Makes 10-12 biscuits.  (Nutrition per biscuit if 10 biscuits are made: 140 kcal, 19 g carbohydrates [2 g sugars], 6 g fat, 3 g protein, 250 mg sodium)

Pair the souffle with the biscuit and some fresh fruit and you have quite the appetizing breakfast for under 400 calories.


Fighting the end of winter one dish at a time…

This morning I was in need of a pick-me-up as Denver once again slogs through another snow storm.  Recently I came across this article and really wanted to try, well, basically everything there.  But I thought the Egg in a Cloud would be a great way to start a cold wintry Tuesday.

I bought a new cookbook a couple weeks back.  We happened to have all the ingredients for the cornmeal waffles with fresh peach topping (no good fresh peaches here, but we froze some last fall – they thawed out wonderfully).  So this weekend we made those.  It was a success, although the batter was extremely thick and didn’t quite reach the edges of the iron.

As always, when cooking for two people, there are leftovers.  We had one waffle left to fight over this morning.  When I saw the Egg in a Cloud idea, I knew it would be best served on top of a waffle (a technique I first saw at the hospital I used to volunteer at – they put fried chicken, banana mashed potatoes, and gravy on top of a waffle for dinner).  So this morning, I split the waffle in half, threw it in the oven while it was pre-heating, and put the rest of the meal together.

The result:


First impressions – the waffle on bottom was the best idea.  It added additional texture/structure and flavor, plus the slightest hint of sweetness.

However, as I should have suspected, the egg was a little bland.  The texture was good, but it needed a little something extra.  While thinking today, I have come up with a few options to fix this: top with Parmesan cheese before putting in the oven, mix the whipped whites with herbs (sage, rosemary, whatever), perhaps drizzle with butter or olive oil after done cooking.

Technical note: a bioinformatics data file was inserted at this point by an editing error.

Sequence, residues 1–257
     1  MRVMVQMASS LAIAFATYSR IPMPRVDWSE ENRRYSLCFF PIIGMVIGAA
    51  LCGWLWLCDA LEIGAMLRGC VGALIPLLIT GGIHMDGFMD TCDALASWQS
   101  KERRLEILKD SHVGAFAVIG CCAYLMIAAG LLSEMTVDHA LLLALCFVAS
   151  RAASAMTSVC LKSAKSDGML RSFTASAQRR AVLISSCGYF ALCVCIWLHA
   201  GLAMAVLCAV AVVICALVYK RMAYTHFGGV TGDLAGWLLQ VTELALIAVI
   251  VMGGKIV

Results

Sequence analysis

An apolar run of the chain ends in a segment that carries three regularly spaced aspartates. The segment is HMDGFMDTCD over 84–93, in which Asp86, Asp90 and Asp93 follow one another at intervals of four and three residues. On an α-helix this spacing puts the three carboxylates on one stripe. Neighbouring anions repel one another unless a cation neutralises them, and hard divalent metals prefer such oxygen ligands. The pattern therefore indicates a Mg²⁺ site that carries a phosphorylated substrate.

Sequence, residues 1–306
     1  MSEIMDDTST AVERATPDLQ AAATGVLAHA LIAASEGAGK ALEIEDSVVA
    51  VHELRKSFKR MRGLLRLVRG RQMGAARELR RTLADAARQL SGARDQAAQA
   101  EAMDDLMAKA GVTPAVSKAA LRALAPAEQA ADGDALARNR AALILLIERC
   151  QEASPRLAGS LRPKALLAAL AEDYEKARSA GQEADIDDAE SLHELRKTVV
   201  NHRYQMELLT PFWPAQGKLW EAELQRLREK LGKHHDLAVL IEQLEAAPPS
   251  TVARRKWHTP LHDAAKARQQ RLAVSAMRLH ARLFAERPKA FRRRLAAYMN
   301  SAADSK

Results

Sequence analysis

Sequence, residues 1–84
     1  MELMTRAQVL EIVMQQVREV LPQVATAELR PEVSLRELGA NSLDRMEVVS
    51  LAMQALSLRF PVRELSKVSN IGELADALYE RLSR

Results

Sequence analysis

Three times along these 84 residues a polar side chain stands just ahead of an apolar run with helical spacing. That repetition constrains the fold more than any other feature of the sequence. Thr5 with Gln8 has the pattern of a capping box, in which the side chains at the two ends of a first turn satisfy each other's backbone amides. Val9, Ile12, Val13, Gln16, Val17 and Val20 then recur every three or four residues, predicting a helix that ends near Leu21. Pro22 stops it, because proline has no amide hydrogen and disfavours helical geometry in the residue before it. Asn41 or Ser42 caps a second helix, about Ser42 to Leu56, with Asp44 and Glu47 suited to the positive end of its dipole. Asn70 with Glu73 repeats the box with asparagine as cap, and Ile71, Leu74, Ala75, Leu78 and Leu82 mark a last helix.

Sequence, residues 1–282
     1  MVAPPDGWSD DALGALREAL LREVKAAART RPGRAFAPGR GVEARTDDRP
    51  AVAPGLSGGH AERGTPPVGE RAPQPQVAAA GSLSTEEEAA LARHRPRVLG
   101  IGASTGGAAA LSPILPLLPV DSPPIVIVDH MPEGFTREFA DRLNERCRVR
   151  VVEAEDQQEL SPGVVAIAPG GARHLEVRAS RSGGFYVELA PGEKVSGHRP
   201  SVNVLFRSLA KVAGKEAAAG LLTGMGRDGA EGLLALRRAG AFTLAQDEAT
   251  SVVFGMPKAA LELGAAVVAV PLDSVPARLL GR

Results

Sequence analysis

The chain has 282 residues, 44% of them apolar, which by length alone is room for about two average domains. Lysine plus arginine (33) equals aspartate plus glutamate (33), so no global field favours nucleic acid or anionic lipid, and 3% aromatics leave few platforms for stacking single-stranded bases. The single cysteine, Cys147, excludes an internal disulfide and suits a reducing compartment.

I think this is a good recipe as far as versatility goes.  Since the website is vague on the details, here is what I used to create this:

Egg in a Cloud


  • 2 eggs, separated
  • 2 pieces of toast (or 2 plain or savory waffles)
  • Optional for flavoring – grated Parmesan cheese, sage and/or rosemary, olive oil or butter (can use any of these in any combination, just play with it)
  1. Preheat the oven to 415 degrees.  Prepare the toast and warm the waffles if need be (reheating waffles is best done directly on the rack in the conventional oven while it is preheating – after the oven is heated, transfer the waffles to an oven-safe pan, plate or skillet so that the eggs can be placed on top of them for baking).
  2. In a medium bowl, whip the egg whites with an electric mixer on high speed until stiff peaks form.  Once this occurs, carefully fold the spices and Parmesan cheese into the whites if desired.
  3. Evenly divide the whites onto two pieces of toast, forming a well in the center for the yolk.
  4. Carefully slide the yolk into the well.  Transfer the eggs and toast to an oven-safe pan.  Sprinkle with additional Parmesan cheese, if desired.
  5. Bake in the oven for 10-15 minutes, or until the egg whites are golden on top and the yolks have just begun to set.
  6. Remove from oven.  Drizzle with olive oil or butter, if desired.  Top with a little salt and pepper.